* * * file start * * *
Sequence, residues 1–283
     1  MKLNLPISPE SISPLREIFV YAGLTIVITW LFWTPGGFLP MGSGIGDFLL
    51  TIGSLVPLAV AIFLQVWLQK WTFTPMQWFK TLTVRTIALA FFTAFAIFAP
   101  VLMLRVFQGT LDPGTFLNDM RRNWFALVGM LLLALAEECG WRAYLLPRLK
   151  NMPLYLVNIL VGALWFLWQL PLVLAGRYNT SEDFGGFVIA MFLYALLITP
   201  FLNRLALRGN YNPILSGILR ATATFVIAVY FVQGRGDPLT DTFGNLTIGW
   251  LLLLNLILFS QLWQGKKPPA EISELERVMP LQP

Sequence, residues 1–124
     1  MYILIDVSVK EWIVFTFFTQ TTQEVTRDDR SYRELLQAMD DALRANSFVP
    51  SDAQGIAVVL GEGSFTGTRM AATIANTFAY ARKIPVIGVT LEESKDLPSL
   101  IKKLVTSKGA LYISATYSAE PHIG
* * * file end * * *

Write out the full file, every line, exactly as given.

Sequence, residues 1–283
     1  MKLNLPISPE SISPLREIFV YAGLTIVITW LFWTPGGFLP MGSGIGDFLL
    51  TIGSLVPLAV AIFLQVWLQK WTFTPMQWFK TLTVRTIALA FFTAFAIFAP
   101  VLMLRVFQGT LDPGTFLNDM RRNWFALVGM LLLALAEECG WRAYLLPRLK
   151  NMPLYLVNIL VGALWFLWQL PLVLAGRYNT SEDFGGFVIA MFLYALLITP
   201  FLNRLALRGN YNPILSGILR ATATFVIAVY FVQGRGDPLT DTFGNLTIGW
   251  LLLLNLILFS QLWQGKKPPA EISELERVMP LQP

Sequence, residues 1–124
     1  MYILIDVSVK EWIVFTFFTQ TTQEVTRDDR SYRELLQAMD DALRANSFVP
    51  SDAQGIAVVL GEGSFTGTRM AATIANTFAY ARKIPVIGVT LEESKDLPSL
   101  IKKLVTSKGA LYISATYSAE PHIG